Rabbi Topek Fund

Act Now Houston

Over winter break, 11 Stony Brook undergraduate students traveled to Houston Texas for an interfaith initiative to help repair the damages that the city incurred during Hurricane Harvey. Stony Brook Hillel partnered with Act Now Houston and Hillel International for a four day service learning trip.

 


This trip with SBP was eye-opening. As my first experience volunteering with a large group, it was truly amazing to see how much we could get done together. Going in, I was not sure what to expect when renovating residential property; but, the project leads were friendly, helpful, and ensured that we were safe, organized, and focused. Overall, the trip has left a lasting effect on my intentions to help my community going forward, and on going out of my way to help others outside of my community.”

–Daniel Lev


“Arriving at the Days Inn in Houston, I was excited and dubious. Excited for the opportunity to help those in need but also dubious about how much we could actually contribute in the duration of our stay, a mere three days. As it turns out, a group of thirteen can accomplish quite a lot. The dilapidated state of the house we were to work on, a house flooded by Hurricane Harvey, was intimidating to say the least. Debris and belongings scattered on the ground, old insulation in the walls and ceiling, and drywall needing to replaced did not exactly inspire confidence. Yet, somehow, a group of thirteen untrained individuals was able to become well-oiled machine, giving the home potential for a new life. And later on, this same group was able to help prepare meals for thousands of hungry children with the Houston Food Bank. Limited time does not necessarily mean limited contribution. As I have learned, any amount of time spent helping others can have a substantial, far-reaching impact, and I hope to make similar trips in the future. “

–Ashwin Upadhye


 “So this trip was amazing for a few reasons. This was my first time on a plane so it was both nerve wracking and exhilarating stepping outside of my comfort zone and ending up 33,000 feet in the air in a different part of the US. Secondly, I learned that there's a huge difference between donating your money and donating your time and energy. Volunteering with my hands was so personal, I really felt connected to the work that I was doing in a way that I never did when I was just donating a few dollars toward a cause. It's a charitable act that stays with you. I can proudly say I've helped rebuild a home damaged by a hurricane, and I felt great personal fulfillment from being a direct part of the process.”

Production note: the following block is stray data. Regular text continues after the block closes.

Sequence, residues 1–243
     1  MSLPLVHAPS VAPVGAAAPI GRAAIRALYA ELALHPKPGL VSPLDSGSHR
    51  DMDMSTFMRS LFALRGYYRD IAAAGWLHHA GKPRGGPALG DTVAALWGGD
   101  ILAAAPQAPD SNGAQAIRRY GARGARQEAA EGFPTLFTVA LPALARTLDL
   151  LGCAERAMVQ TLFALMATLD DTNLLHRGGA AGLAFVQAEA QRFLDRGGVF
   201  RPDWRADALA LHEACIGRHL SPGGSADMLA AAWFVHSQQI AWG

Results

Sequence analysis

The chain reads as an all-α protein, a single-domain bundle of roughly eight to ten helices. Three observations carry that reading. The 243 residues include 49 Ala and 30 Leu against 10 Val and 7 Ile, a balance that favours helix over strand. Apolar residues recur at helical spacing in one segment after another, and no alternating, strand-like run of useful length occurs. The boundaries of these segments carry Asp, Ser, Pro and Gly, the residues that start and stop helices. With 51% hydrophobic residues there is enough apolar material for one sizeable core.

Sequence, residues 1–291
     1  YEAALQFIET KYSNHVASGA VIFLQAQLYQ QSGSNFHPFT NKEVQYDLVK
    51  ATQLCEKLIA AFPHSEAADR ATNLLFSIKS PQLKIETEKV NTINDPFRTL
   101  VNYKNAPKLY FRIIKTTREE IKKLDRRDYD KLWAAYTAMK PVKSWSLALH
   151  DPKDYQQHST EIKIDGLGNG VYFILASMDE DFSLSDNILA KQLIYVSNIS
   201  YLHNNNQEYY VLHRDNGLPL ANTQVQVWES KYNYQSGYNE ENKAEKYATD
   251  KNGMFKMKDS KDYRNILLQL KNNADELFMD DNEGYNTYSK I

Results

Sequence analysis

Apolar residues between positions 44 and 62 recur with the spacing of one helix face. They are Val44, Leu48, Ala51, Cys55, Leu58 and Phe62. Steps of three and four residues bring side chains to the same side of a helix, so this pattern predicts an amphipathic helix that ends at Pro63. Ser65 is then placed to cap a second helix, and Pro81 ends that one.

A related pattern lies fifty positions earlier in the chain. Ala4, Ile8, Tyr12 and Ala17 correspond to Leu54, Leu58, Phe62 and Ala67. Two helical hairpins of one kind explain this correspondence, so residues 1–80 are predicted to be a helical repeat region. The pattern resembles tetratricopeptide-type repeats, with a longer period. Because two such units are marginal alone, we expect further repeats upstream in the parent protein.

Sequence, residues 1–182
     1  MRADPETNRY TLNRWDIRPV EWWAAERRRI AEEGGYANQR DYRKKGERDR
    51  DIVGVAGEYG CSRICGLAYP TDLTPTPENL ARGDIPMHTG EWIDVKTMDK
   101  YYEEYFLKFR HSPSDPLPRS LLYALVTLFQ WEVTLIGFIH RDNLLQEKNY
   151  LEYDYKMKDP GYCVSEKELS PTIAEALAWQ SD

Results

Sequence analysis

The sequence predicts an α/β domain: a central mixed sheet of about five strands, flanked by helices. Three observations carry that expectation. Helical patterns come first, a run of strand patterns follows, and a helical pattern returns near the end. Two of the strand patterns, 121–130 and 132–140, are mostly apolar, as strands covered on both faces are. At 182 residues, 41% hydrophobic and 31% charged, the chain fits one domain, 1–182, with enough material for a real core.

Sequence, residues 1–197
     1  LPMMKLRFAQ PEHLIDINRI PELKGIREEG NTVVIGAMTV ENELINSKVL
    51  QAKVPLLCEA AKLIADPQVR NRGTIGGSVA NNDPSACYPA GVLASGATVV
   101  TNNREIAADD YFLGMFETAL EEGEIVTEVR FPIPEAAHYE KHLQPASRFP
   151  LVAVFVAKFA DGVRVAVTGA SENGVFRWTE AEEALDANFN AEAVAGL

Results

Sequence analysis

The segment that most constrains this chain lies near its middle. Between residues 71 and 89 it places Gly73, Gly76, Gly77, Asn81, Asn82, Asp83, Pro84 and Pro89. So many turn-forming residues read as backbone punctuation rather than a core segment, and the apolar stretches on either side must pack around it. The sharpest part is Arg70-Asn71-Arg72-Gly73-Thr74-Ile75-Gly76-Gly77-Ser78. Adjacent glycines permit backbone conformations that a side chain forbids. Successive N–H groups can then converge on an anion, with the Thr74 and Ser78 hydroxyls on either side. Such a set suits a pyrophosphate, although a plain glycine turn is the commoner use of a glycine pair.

–Agam Singh


“I decided to dedicate a portion of my winter break to helping rebuild houses that were damaged in Hurricane Harvey. I, along with 12 of my peers, flew out to Houston (TX) and spent 3 days giving our time and energy towards improving the local community. We spent 2 of our days working on a house that had been damaged by flooding in the storm, assisting SBP workers in various activities. We were able to install insulation, remove damaged drywall, remove garbage, paint and clean the house - it truly felt like we were making a difference and improving the condition of the home for its owner. 

Being able to work on the home was a very meaningful experience for me for a number of reasons. I have done work with SBP in New York, and it was very eye-opening to realize that the same disasters and struggles occur all over the country and the world, not just in my local area. People can suffer from losing their homes no matter where they live, and it ultimately comes down to volunteers and non-profit organizations to step in and help those families and individuals return to their homes. It put the work that we were doing, and that I have done in the past, into a new perspective for me; no matter where someone lives in the world, they don’t have to go very far to find someone in need and don’t have to have any experience to provide help. I watched my peers, who had no experience in construction, get up on ladders with a hammer and a crowbar. Anyone can help out! It was an amazing experience that gave me a new outlook as well as an opportunity for my peers and I to work together to bring a positive change to the world.

Throughout the two days we spent working on this home, we also had learning opportunities during our lunch break as part of the Act Now Houston program. These “lunch and learn” activities were discussions about the damage the hurricane brought, how we can help, and how we can take our experiences and turn them into fuel to make positive changes in our local area after the trip is over. I really enjoyed these discussions because they were almost a combination brainstorming ways to help as well as chances to learn a lot about how exactly the hurricane impacted the people of Houston. I think everyone can benefit from engaging in these kinds of discussion-based learning sessions.

Our third day was spent volunteering at a Food Bank in Houston. We split up into different groups and helped stock freezers, clean fruit, pack milk cartons, dispose of trash among other activities. This was a very good experience because we directly saw the impact that we made based on how much work we did. I realized that we were the reason thousands of kids were receiving a school lunch, and knowing that the work you are doing has a direct positive impact on someone else is an amazing feeling. 

Overall, the experience I had in Houston was amazing and very eye-opening. I’m going to take away the perspective that everywhere in the world people are in need of help, but also every one of us can step outside and find someone to help. I will also be committing some of my time and energy towards spreading the word of SBP as well as helping others wherever I can.”

–Ben Chase

      

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